Updated Post Notes: Oct 28, 2014
With the latest announcement from Tech Ed Europe, PowerShell and Desired State Configuration (DSC) has been highlighted for automation and Azure.
Here are a few items release today from Scott Guthrie blog:
The PowerShell team has also released the DSC ResKit that has over 100 tasty modules
Along with these two latest releases, the ALM Rangers has released on Oct 16th PowerShell Desired State Configuration for DevOps and ALM Practitioners v1 that has guidance and samples.
At the heart of any continuous delivery practice there is automation. If you still have heavy manual processes in your delivery process, to be frank, you are doing it wrong! There is no other way to say it.
There is no gray area when it comes to automation and continuous delivery (CD). Automation is at the core of continuous delivery.
To be clear, automation of everything may not be realistic in your current process. As companies continue to improve their CD practices, the goal is to automate the common tasks, remove constraints that create bad practices, and keep the The 3 R’s of Continuous Delivery in mind: Reliable, Repeatable and Reusable.
Cloud platforms like Microsoft Azure are assisting in providing a flexible and robust solution for continuous delivery and DevOps. The new Windows Azure Automation feature, that is available in the preview features section, fits right into the continuous delivery practice, 3R’s and Lean principles.
The new Azure automation is using what is called a “Runbook” to automate common tasks, deployment and administrative activities for both Development and Operations teams that are using Microsoft Azure. The core of the “Runbook” is Windows PowerShell Workflow that is used in System Center 2012 R2 Orchestrator, and Windows Azure Pack for Windows Server.
The core feature of Windows PowerShell Workflow is the ability to run parallel tasks or a sequence of tasks with multiple steps across multiple devices or managed nodes. This is an essential feature for continuous delivery with the Azure platform.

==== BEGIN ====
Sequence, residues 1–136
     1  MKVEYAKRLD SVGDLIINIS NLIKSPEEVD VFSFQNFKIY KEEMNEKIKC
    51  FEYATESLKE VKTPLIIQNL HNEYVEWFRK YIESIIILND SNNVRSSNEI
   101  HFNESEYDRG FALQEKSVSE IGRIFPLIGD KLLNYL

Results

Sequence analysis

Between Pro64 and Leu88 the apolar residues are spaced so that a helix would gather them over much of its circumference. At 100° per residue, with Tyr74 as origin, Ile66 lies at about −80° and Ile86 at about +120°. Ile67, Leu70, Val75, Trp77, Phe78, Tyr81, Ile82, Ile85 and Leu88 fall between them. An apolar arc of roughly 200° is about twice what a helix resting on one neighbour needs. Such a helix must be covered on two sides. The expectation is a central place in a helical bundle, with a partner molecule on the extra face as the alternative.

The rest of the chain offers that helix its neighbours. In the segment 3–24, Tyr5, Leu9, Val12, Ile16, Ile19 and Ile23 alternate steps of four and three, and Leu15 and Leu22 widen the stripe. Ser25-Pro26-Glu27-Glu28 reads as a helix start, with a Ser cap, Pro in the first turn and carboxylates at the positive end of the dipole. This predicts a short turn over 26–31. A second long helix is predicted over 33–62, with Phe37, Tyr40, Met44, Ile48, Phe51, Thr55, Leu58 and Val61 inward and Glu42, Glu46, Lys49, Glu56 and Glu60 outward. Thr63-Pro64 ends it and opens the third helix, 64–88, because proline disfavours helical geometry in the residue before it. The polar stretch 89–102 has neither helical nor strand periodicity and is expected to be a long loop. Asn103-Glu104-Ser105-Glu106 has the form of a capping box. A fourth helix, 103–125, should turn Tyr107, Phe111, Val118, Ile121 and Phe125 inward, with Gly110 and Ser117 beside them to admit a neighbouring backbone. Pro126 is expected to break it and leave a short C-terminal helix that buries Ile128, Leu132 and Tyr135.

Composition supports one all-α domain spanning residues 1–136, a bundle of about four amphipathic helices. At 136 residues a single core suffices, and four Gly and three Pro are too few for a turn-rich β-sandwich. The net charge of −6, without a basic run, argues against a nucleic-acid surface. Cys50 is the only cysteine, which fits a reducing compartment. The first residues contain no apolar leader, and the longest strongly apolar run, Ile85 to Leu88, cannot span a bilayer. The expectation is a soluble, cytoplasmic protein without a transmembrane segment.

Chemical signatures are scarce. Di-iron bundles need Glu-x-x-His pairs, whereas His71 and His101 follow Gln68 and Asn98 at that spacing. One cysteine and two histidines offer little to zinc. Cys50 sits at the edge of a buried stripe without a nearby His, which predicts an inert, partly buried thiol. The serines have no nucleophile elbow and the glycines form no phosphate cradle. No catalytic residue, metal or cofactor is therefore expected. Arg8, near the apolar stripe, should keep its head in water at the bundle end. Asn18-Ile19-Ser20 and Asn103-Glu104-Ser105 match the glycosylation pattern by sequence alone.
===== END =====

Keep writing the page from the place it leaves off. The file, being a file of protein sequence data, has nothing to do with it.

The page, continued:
To add the Windows Azure Automation preview features to your existing Azure subscription, (there are a number of new preview features available and more coming out each day), click on the preview features under your Azure account and then click the “try it now” link for the Windows Azure Automation feature.
The “ADD PREVIEW FEATURES” page will open.
Enter your subscription and click on the check mark to activate it.
After you have added the Automation to the subscription, you can setup a new Runbook and test the automation features.
I used the Quick Create to get things started. After the operation is completed, you can select the Edit Runbook icon to open the new PowerShell workflow.
The Author section will open and you will see the “workflow” key name and the name of the Runbook that was entered.
To test our new Runbook, I am going to add a very simple Hello World for Azure Automation script that will write back a value.
To get more Azure PowerShell Activities to create automated processes, click on Insert at the bottom of the page, and then click on Activity.
The Insert Activity page will open:
There are a number of Azure Cmdlets available to administer and automate Microsoft Azure tasks and environments.
Since the PowerShell Workflow and Azure Cmdlet are a vast and technical topic, I will not bore everyone by going into the details. I would encourage you to review the new Automation feature that is now in Azure preview to reduce the common manual tasks and administration of Microsoft Azure. As previously mentioned, the new Automation feature is essential to achieving continuous delivery in the cloud. The new command and workflows provide teams with the tools to advance their software delivery pipeline and cut away the constraints that hinder DevOps and Lean practices.